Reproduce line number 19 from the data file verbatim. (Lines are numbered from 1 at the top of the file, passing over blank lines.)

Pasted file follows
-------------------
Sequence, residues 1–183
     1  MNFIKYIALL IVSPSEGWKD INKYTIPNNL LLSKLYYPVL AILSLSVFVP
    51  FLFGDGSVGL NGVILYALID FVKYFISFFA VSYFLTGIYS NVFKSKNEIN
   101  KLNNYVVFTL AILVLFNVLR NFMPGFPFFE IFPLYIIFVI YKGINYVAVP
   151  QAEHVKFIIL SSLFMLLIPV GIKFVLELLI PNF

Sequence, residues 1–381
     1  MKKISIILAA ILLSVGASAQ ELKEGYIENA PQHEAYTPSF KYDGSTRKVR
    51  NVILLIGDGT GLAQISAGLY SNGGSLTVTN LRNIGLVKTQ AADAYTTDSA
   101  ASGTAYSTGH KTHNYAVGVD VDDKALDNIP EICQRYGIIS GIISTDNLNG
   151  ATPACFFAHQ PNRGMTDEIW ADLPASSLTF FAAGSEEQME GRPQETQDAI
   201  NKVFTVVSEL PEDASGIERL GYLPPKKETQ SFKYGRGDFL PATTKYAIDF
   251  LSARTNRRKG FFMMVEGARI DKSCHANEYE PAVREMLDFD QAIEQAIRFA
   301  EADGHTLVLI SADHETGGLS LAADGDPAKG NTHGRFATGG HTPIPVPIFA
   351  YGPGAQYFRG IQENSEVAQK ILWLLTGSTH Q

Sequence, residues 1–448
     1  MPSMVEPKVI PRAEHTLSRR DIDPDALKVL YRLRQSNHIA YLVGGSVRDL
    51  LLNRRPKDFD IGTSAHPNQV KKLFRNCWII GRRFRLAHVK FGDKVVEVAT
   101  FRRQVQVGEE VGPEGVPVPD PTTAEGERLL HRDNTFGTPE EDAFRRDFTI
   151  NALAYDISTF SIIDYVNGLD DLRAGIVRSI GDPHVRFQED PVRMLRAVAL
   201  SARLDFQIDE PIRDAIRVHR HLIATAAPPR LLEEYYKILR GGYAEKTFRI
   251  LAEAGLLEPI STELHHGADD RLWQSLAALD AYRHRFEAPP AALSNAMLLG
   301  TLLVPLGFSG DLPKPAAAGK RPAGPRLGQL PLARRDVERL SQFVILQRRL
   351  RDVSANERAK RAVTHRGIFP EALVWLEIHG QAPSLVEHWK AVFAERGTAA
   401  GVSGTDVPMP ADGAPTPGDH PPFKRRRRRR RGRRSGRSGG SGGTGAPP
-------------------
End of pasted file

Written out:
   151  NALAYDISTF SIIDYVNGLD DLRAGIVRSI GDPHVRFQED PVRMLRAVAL